There were, of course, qualitative findings to their study as well: “The previous phases of research have established the fiscal cliff women face as they move from independent to more commercial fare. To continue this inquiry, the qualitative section of the report uses data from 59 interviews (39 male, 20 female) with buyers and sellers who had, on average, 17.5 years of experience in the entertainment industry. We also conducted interviews with 41 female directors. Buyers and sellers were asked about the reasons for the lack of female directors in top 100 films. Respondents could mention, question, speculate or hypothesize about the topic. The major barriers that emerged were consistent with results from previous phases as well as other research. Those impediments were:”
- Perception of a Gendered Marketplace
- Scarcity of Talent Pool and Experience
- Women’s Perceived Lack of Ambition
- Industry Gender Imbalance
- Little Support and Few Opportunities
- Competence Doubted
In summary: “Across three years of research, it is clear that the film industry must grapple with not only the paucity of female directors working at its highest ranks, but also the image industry leaders hold regarding female directors. To journey from gender inequality to parity, decision-makers and advocates must work to alter their perceptions about what women can and want to do in their careers. This requires moving away from narrow and limiting stereotypes to conceptions of women that are as open and unbounded as those surrounding men. By making the choice to act strategically, the industry can bridge the gap between business, advocacy, and creativity to foster an environment in which it is possible for female directors to flourish.”
Photo credit: Sundance Labs
So what did we learn from these two evenings? How can we use them in our own lives? In our own work within the industry? Well, we learned that issues of equality are rippling through the industry, and that some major players — ABC, The Sundance Institute, WIF, USC, Google, WGA/DGA, The Geena Davis Institute — are taking major steps to make diversity a priority behind of and in front of the camera. We heard research in action as Peter Paige, after Davis’s suggestions about crowd/extras casting, discussed how he planned to work with ADs to assure equality on his own set, something Shonda Rhimes is already doing. Hopefully, the study commissioned by WIF-LA, the Sundance Institute, and USC will be widely disseminated so that we can further pinpoint just how women are being failed by the industry, and continue to develop their amazing findings (the idea of female filmmakers facing a “fiscal cliff” particularly resonated with me.)
Of course, it would have been ideal to walk away from both events with a clear set of solutions and action items, but the kind of change necessary to fix the industry is going to be slow going — Davis’s research suggested that if we continue including women in films at the current rate, it’ll take us SEVEN HUNDRED YEARS to reach gender parity. Pretty disheartening, eh?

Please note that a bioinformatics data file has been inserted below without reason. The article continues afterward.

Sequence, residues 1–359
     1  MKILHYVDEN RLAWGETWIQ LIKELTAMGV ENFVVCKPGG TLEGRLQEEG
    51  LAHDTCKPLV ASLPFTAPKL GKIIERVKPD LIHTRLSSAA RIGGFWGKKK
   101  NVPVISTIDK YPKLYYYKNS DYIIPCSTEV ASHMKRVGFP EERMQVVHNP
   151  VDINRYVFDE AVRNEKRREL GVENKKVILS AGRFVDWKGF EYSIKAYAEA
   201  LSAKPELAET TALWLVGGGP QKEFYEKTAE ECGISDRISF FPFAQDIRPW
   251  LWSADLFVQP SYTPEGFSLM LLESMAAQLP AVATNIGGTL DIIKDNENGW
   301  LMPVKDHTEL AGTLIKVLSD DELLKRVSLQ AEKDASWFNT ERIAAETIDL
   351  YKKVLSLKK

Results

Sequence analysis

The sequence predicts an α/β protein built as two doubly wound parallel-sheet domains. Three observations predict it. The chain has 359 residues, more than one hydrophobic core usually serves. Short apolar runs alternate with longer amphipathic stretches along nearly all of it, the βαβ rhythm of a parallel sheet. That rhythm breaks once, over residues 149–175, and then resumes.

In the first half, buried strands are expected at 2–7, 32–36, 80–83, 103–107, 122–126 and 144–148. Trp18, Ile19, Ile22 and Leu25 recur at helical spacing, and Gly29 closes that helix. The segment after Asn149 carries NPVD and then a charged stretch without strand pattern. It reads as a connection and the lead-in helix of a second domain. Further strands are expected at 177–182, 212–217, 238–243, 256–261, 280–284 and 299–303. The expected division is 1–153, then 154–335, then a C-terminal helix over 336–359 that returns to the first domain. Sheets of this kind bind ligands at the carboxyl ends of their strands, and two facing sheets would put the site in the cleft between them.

But for every disparaging anecdote, there were glimmers of hope too, and those are what we can focus on. The more of an uproar we create, the harder it is to ignore these issues. Rhimes stressed the importance of mentorship and training within the industry (“Hire a woman or a person of color as your writer’s assistant, help them grow. The current showrunners on GREY’S ANATOMY were assistants on the pilot.”) and that’s something everyone can do, no matter what your level in the industry may be. I urge you to share the WIF-LA, the Sundance Institute, and USC study far and wide. Make sure you’re exposing any young folks you may know to diverse entertainment (may I suggest a list for that…) and talking to them about problematic or stereotypical depictions of women and people of color. And perhaps most importantly, we have to keep talking about these issues, no matter how disheartening stats like Davis’s 700-years-until-gender-parity may be.
Whether we like it or not, media is a major factor in shaping how we perceive ourselves and the others who inhabit the world around us. We must start making ALL media reflect the incredible diversity of our planet, supporting female filmmakers and filmmakers of color at every level of the industry (especially the higher ones, where they’re least represented), and become dedicated to making sure the entertainment we give our children doesn’t only rely on easy caricatures and “traditional” values. The change isn’t going to be easy — the progress will be incremental, the setbacks will be disparaging, and the victories will be constantly judged against other, bigger industry successes — but it is vital to transform the industry from within.